CAMDEN COUNTY, N.J. (CBS) — The midterms are nearing as we are less than two weeks away. In last year’s election, Camden County had the highest percentage of mail-in ballots of all counties in the state of New Jersey, and this year is on track to repeat another high turnout for votes by mail.READ MORE: CBS3 Pet Project: Keeping An Eye Out For Lost Dog Scams
“I’m only doing early voting because I’m not going to be here for Election Day,” said William Griffin, of Voorhees.
Griffin is one of at least 350 people physically voting in the election office in Gloucester.
The warehouse is attached to the election’s office. It holds more than 800 voting machines that will go out towards 197 polling sites in the country. By this time next week, all of this equipment will be at the sites and ready to go.
Aside from physically voting early, elections staff have been busy handling mail.
For the second year in a row, Camden County is expected to have the largest vote-by-mail turnout in the state.
“This year we already had 30,000 voted. We have more voted this year than we actually mailed out last year and there’s 13 days to go before Election Day,” said Deputy County Clerk Christopher Morris.READ MORE: 5 Hurt After Single-Car Crash In Cheltenham Township, Police Say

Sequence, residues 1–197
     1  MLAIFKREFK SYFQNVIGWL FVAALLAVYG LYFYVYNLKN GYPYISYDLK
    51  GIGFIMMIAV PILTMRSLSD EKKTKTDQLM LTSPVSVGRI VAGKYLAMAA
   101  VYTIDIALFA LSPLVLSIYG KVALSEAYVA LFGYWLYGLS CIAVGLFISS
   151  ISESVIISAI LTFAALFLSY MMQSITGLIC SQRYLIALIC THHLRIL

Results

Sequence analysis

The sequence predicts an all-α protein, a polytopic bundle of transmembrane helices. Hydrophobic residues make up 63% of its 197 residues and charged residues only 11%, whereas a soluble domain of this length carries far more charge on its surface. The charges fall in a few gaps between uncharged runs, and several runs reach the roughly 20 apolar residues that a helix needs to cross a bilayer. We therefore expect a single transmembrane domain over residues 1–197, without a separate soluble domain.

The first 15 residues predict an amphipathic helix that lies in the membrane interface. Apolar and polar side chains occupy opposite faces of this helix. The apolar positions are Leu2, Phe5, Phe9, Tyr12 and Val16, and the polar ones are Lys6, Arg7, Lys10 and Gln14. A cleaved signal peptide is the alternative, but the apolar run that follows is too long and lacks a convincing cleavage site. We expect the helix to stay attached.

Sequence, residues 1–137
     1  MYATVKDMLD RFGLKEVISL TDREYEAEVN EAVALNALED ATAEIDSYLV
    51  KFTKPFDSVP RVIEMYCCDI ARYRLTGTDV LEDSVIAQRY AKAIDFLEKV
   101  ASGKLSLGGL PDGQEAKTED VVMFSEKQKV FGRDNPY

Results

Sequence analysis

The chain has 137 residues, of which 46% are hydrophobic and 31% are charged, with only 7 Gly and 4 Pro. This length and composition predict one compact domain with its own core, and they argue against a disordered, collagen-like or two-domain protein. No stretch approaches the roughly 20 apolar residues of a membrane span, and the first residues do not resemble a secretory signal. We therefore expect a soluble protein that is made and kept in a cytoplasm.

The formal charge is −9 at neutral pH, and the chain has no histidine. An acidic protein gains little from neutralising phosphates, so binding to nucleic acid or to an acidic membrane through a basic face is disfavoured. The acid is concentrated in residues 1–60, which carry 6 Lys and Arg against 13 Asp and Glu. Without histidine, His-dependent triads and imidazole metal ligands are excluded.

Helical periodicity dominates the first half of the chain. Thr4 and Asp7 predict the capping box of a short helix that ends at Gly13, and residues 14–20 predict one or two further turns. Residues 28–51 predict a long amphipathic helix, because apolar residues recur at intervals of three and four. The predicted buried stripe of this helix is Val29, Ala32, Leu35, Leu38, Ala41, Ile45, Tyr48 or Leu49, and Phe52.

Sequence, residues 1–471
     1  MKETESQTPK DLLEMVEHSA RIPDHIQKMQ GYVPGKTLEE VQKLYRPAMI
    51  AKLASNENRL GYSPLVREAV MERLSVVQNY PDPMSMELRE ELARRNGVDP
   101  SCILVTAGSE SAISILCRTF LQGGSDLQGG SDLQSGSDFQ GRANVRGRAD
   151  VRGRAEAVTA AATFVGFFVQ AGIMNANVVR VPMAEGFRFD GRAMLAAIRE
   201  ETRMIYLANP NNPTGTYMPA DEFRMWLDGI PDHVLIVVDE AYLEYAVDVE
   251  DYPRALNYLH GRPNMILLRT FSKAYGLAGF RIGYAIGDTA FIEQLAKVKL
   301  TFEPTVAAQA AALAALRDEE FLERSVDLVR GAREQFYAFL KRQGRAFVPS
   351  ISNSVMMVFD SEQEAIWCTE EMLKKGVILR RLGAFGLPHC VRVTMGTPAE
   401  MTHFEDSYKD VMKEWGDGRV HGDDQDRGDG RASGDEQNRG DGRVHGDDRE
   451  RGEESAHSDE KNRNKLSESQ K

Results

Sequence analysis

It’s a proactive approach taken throughout the year by sending preprinted, free-stamped vote-by-mail applications to all 350,000 registered voters in New Jersey, and for the non-voters, they assist with filling out voter registration and vote-by-mail forms.
Registered voters receive their ballots in the mail and then mail them back to the elections office.
The county’s motto is to engage many and make it easy.
“We call it the Camden County Court Road Show. We go anywhere and everywhere,” said Camden County Clerk Joseph Ripa.
They went to the Premier Cadbury retirement home in Cherry Hill.
“I think it was very nice of them to do that because I wanted to vote and be a part of it, so I was happy,” said Patricia Bearint.
Bearint hasn’t voted in years.MORE NEWS: 2 Sent To Hospital After Truck Crashes Into Home, Philadelphia Police Say
“It feels good,” said Morris. “It feels very good because these folks may not have a chance otherwise to cast their ballots. They just want to vote.”